information not to be discarded, R2 (k 1) is the part of the information matrix to which
forgetting is applied and (k)T (k) denotes the new incoming information.
After some reformulations and application of the matrix inversion lemma the estimation algorithm
which is henceforth referred to as Directional Forgetting by Cao (DFC) can be formulated [7],
[6]:
1) + K(k)(k)
(k)
= (k
1)
(k) = y(k) T (k)(k
P (k 1)(k)
K(k) = P (k)(k) =
1 + (k)P (k 1)(k)
P (k 1) =
P (k 1) + 1
if (k) >
P (k 1)
if (k)
(k)T (k)
T (k)R(k1)(k)
P (k) = P (k 1)
P (k 1)(k)T (k)P (k 1)
T (k)P (k 1)(k)
(3.36)
(3.37)
(3.38)
where is the threshold parameter for the deadzone of the covariance matrix update which
needs to be adjusted. Therefore, when the excitation is poor (i.e. the threshold is not exceeded),
the covariance matrix is not updated, i.e. P (k) = P (k 1) thus preventing the blowup of the
covariance matrix. In this case the update equations are exactly the same as the RLS without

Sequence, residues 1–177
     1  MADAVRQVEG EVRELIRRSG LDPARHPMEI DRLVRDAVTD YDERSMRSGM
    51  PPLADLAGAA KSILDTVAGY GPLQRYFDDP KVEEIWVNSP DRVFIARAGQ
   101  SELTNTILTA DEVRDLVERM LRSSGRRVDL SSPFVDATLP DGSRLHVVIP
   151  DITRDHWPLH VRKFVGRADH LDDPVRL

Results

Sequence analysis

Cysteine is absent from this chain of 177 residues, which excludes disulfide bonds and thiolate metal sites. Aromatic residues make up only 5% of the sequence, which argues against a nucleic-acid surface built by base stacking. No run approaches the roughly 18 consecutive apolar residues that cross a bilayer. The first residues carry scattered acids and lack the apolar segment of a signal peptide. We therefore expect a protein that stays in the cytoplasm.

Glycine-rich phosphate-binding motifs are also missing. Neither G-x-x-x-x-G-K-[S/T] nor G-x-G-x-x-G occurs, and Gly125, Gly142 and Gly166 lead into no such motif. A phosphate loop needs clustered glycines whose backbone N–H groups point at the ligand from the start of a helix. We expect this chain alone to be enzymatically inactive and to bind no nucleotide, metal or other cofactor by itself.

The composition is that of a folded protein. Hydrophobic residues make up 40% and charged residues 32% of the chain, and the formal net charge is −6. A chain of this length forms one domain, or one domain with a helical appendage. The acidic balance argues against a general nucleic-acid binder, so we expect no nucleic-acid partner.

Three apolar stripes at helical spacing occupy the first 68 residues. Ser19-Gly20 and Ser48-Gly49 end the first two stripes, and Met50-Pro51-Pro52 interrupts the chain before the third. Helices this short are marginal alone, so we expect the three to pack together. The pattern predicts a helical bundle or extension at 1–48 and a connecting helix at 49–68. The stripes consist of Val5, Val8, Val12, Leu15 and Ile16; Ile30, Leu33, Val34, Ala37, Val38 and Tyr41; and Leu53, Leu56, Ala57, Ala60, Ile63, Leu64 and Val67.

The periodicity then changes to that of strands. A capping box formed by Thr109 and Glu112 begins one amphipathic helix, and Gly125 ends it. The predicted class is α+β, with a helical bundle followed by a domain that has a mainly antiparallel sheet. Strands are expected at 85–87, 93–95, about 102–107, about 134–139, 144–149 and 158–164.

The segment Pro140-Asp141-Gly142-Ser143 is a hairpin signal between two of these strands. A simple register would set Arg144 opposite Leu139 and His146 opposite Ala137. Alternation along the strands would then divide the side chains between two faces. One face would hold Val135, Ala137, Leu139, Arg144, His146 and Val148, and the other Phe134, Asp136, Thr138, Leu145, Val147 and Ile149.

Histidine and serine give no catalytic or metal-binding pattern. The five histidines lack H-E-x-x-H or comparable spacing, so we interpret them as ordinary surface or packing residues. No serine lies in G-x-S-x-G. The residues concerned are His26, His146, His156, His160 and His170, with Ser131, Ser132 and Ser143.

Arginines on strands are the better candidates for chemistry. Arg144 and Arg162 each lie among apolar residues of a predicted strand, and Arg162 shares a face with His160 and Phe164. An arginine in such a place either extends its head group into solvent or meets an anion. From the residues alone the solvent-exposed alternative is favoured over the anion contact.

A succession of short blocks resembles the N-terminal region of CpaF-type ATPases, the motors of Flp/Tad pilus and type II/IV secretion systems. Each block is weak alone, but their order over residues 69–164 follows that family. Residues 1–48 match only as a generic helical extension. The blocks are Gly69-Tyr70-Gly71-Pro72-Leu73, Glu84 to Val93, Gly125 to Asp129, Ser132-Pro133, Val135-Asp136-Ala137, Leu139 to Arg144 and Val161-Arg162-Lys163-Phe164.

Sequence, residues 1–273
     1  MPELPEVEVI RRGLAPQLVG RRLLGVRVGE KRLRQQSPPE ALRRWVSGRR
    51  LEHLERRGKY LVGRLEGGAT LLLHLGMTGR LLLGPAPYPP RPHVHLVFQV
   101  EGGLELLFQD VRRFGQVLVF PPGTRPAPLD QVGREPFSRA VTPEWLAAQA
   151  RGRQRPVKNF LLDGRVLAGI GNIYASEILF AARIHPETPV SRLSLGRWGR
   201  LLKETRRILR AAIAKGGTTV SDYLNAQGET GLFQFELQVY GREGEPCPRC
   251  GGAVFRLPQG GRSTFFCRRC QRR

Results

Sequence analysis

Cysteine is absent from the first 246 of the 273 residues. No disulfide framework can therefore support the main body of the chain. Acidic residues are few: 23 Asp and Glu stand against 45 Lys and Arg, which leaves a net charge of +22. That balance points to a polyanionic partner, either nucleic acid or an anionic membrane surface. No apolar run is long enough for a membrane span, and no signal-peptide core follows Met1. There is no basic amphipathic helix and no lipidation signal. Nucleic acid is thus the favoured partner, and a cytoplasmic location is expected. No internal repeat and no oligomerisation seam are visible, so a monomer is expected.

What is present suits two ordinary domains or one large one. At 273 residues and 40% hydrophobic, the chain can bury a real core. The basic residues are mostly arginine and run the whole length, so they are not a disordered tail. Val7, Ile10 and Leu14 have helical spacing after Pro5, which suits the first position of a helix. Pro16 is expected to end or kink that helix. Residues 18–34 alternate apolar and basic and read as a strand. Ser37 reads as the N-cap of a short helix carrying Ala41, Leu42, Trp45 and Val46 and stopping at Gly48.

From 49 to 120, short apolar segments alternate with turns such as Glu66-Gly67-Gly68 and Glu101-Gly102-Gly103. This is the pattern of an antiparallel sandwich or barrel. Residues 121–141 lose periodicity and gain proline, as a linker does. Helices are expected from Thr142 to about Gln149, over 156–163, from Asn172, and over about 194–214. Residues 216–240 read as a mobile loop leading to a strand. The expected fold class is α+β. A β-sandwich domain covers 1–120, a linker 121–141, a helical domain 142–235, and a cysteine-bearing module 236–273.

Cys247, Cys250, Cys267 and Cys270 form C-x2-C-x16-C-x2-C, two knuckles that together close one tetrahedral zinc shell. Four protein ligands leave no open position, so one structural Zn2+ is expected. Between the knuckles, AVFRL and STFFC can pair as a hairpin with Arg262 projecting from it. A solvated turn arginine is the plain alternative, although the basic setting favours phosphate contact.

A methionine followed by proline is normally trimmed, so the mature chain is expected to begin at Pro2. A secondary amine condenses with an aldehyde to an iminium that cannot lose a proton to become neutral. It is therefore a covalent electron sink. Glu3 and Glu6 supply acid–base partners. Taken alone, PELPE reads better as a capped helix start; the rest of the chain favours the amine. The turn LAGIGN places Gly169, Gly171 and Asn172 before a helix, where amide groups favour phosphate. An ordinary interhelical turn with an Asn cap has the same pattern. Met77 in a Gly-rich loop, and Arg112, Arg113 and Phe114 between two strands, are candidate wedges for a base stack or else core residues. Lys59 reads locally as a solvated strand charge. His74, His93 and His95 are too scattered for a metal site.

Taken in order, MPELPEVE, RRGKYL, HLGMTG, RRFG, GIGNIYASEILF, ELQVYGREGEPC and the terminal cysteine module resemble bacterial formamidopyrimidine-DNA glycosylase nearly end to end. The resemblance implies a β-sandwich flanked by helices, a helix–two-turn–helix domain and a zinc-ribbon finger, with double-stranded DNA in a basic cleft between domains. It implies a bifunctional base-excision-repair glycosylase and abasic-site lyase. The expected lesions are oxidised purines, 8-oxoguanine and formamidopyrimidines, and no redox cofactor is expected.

forgetting and the effects of windup can be restricted since old data is not discarded [6].
22
1) + K(k)(k)
(k)
= (k
1)
(k) = y(k) T (k)(k
P (k 1)(k)
K(k) =
r + T (k)P (k 1)(k)
P (k 1)(k)T (k)P (k 1)
(k)T (k)
P (k) = P (k 1)
+
T
r + (k)P (k 1)(k)
+ T (k)(k)
(3.39)
The estimator is denoted by the authors as the Kalman Filter based algorithm (KFBI) since it
has very similar properties to a standard Kalman filter (see (2.7), (2.10), (2.13), (2.14)). Here
r, and are adjustable parameters. For instance, is a parameter that determines the tracking
speed of the algorithm while can often be chosen as very a small value to ensure that the
covariance matrix is welldefined. Interpreting the algorithm as a modification of the standard
Kalman filter, r represents the as the variance of the measurement noise, which can e.g. be
assumed as Gaussian and known, i.e. r(k) = r [8].
P (k 1)(k)T (k)P (k 1)
+ Q(k)
r(k) + T (k)P (k 1)(k)
where Q(k) is the covariance matrix of the random walk sequence vector w(k). Since in real
applications Q(k) is never known exactly, it is possible to compute Q(k) recursively. Thus, the
socalled Modified Kalman Filter based algorithm (KFBII) can be obtained by simply modifying
(3.39) as [8]
P (k 1)(k)T (k)P (k 1)
+ Q(k)
r + T (k)P (k 1)(k)
(k)T (k)
Q(k) = Q(k 1) +
+ T (k)(k)
P (k) = P (k 1)
(3.40)
(3.41)